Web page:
7500c ICP-MS with ORS and Integrated Sample

Introduction System (ISIS), configured for autodilution, was used.

Quality Control

Quality control in this experiment consisted of four components:

• Verification of tune performance for each ORS mode

• Initial Calibration linearity check

• Verification of accuracy of initial calibration using NIST 1640 standard reference water

• Periodic verification of calibration accuracy through measurement of continuing calibration verification (CCV) samples

Autodilution

The Agilent 7500c was configured with an ISIS for rapid sample uptake and autodilution. ISIS uses flowing stream autodilution rather than discrete sample dilution. This greatly enhances the throughput and minimizes the possibility of contamination compared with other types of autodiluters. In the ISIS autodiluter, the sample stream is mixed with a flowing stream of diluent in an entirely closed system. Dilution factor is controlled by high precision peristaltic pumps that are automatically and periodically monitored for accuracy throughout the run. Autodilution is invoked automatically by the intelligent sequencing software whenever the system encounters a userdefinable out-of-range condition, such as an analyte outside the calibration range or an internal standard outside predefined bounds. Autodilution was invoked in a number of the samples in this work. An excellent check on both the linearity of the instrument and the accuracy of the autodilution can be obtained by comparing the results for diluted and undiluted samples. If the results match well, both the instrument linearity and autodilution accuracy are in control. Tables 5 and 7 show excellent examples of this.

Results

QC results are depicted in Tables 4 (CCV results) and 5 (NIST 1640 results). Examples of calibration linearity are depicted in Figures 2, 3, and 4, which are representative. Calibration “R” values of .9998

or greater are considered linear.

Table 4.

Recovery of Periodic Calibration Check Standard in a Sequence of Water Samples Including Drinking Waters, Ground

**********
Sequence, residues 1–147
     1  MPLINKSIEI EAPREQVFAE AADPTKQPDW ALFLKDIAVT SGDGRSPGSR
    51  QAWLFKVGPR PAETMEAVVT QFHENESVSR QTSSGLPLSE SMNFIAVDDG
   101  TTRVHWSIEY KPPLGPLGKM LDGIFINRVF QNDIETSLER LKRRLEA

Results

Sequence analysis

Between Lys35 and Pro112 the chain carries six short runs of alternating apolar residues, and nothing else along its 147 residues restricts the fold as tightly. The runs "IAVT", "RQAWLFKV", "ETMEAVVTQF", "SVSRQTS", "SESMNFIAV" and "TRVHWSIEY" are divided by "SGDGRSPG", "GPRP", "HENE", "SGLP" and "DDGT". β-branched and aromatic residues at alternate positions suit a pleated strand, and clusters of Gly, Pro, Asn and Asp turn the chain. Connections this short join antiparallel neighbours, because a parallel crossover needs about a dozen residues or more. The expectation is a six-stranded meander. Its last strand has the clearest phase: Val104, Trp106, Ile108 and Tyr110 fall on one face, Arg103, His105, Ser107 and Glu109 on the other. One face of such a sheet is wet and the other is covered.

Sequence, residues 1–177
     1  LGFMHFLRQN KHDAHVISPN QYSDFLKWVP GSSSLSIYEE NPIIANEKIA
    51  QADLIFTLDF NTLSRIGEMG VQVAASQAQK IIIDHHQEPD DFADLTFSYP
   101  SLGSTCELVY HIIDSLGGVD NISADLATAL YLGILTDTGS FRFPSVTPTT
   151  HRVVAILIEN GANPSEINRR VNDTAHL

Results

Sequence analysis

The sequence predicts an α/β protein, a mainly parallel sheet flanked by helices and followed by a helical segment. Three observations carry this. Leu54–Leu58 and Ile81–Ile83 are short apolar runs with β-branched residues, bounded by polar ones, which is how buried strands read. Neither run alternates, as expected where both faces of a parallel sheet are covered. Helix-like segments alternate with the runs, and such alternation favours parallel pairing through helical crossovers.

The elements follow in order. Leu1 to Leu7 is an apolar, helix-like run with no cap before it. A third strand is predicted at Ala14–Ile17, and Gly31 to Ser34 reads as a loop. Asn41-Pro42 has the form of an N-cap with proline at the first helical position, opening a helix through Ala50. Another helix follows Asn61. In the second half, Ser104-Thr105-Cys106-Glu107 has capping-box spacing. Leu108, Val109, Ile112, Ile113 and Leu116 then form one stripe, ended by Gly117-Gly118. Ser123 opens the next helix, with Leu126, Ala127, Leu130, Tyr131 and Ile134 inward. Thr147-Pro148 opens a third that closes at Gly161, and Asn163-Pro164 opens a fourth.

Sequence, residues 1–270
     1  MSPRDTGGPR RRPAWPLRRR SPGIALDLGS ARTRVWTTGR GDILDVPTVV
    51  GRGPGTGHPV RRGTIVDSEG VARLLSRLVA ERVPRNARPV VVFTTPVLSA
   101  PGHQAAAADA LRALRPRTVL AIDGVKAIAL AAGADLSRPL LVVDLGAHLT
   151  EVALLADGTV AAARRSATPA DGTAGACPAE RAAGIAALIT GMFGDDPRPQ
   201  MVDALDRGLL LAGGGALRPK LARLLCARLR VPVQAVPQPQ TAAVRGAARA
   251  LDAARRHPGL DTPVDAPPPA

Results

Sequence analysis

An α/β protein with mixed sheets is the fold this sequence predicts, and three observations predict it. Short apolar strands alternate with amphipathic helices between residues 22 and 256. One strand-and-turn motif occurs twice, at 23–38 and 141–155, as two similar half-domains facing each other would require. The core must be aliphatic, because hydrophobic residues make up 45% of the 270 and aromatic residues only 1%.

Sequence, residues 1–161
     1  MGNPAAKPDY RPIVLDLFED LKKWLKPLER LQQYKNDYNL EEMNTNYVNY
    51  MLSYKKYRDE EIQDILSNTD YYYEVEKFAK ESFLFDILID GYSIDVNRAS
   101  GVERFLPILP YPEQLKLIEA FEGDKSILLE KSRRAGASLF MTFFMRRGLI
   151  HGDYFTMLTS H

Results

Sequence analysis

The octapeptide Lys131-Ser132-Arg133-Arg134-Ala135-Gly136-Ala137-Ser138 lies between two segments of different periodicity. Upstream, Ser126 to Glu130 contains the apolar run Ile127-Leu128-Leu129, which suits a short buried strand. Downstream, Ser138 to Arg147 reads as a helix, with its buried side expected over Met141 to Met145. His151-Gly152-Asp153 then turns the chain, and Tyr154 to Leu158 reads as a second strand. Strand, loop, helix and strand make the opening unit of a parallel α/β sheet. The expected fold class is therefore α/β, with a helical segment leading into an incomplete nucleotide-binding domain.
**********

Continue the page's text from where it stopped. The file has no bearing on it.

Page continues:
Waters, and Seawaters. Calibration Checks were Run After 30 and 43 Real Samples in this Experiment

Total DF:

File:

Be/9 [#1]

Na/23 [#2]

Mg/24 [#1]

Al/27 [#1]

K/39 [#3]

Ca/40 [#2]

V/51 [#3]

Cr/52 [#3]

Mn/55 [#1]

Fe/56 [#2]

Co/59 [#1]

Ni/60 [#3]

Cu/63 [#3]

Zn/66 [#1]

As/75 [#3]

Se/78 [#2]

Se/80 [#2]

Mo/95 [#1]

CCV

Actual value

5000

5000

50

50

50

5000

5000

50

50

5000

50

50

50

50

50

50

50

50

CCV 50/5000/0.5

1

031_CCV.D#

50.62

4933.00

4700.00

47.09

5260.00

5053.00

51.52

51.43

49.92

5067.00

49.88

51.99

52.64

49.27

51.63

50.90

51.45

49.44

Ag/107 [#1]

Cd/111 [#1]

Sb/121 [#1]

Ba/137 [#1]

50

50

50

50

48.73

49.34

47.71

50.35

Hg/202 [#1]

Tl/205 [#1]

Pb/208 [#1]

Th/232 [#1]

0.5

50

50

50

0.49

49.68

49.41

48.54

U/238 [#1] 50 49.46

Values in brackets after element mass are tune mode, 1= normal, 2 = hydrogen, 3 = helium.

%

Recovery

101.2

98.7

94.0

94.2

105.2

101.1

103.0

102.9

99.8

101.3

99.8

104.0

105.3

98.5

103.3

101.8

102.9

98.9

97.5

98.7

95.4

100.7

98.3

99.4

98.8

97.1

98.9

%

Recovery

101.8

101.4

100.3

102.7

103.5

98.9

103.2

101.2

102.2

96.2

100.0

96.8

96.0

93.7

101.5

101.3

101.7

101.6

94.0

96.8

94.1

98.4

94.8

100.9

98.5

98.2

99.7

47.02

48.40

47.03

49.19

0.47

50.46

49.25

49.09

49.84

50.89

5068.00

50.16

51.36

51.74

49.44

51.58

50.61

51.10

48.11

CCV 50/5000/0.5

1

044_CCV.D#

50.01

4838.00

4802.00

46.84

5076.00

5063.00

50.84

50.78

7

8

Table 5.

Analysis of Certified Reference Water NIST 1640 as a Calibration Check. Sample was Measured Neat and Autodiluted

1/20 (actual measured DF = 21.72), since Na Value Exceeded Upper Calibration Limit. Note that Even in the Undiluted

Sample, the Recovery for Na is 101.2%

Total DF:

Be/9 [#1]

Na/23 [#2]

Mg/24 [#1]

Al/27 [#1]

K/39 [#3]

Certified value

(ppb)

34.94

29350

5819

52

994

NIST 1640

1

35.750

29690.000

5893.000

49.180

947.900

% Recovery undiluted

102.3

101.2

101.3

94.6

95.4

NIST 1640

21.72

34.860

29140.000

6154.000

69.290

858.800

% Recovery diluted

99.77

99.28

105.76

133.25

86.40

Ca/40 [#2]

V/51 [#3]

Cr/52 [#3]

Mn/55 [#1]

7045

12.99

38.6

121.5

7328.000

13.030

37.470

119.500

104.0

100.3

97.1

98.4

7488.000

12.930

38.540

120.100

106.29

99.54

99.84

98.85

Fe/56 [#2]

Co/59 [#1]

Ni/60 [#3]

Cu/63 [#3]

Cu/65 [#3]

Zn/66 [#1]

As/75 [#3]

Se/78 [#2]

34.3

20.28

27.4

85.2

85.2

53.2

26.67

21.96

35.840

19.400

26.920

86.450

86.350

55.380

26.910

21.990

Mo/95 [#1]

Ag/107 [#1]

Cd/111 [#1]

Sb/121 [#1]

46.75

7.62

22.79

13.79

148

45.310

7.210

22.560

13.090

Ba/137 [#1]

Hg/202 [#1]

143.900

0.017

Tl/205 [#1]

Pb/208 [#1] 27.89

0.009

26.690

Th/232 [#1] 0.011

U/238 [#1] 0.725

Values in brackets after element mass are tune mode, 1= normal, 2 = hydrogen, 3 = helium.

104.5

95.7

98.2

101.5

101.3

104.1

100.9

100.1

96.9

94.6

99.0

94.9

97.2

95.7

31.820

20.010

28.000

92.350

91.340

55.560

28.080

20.930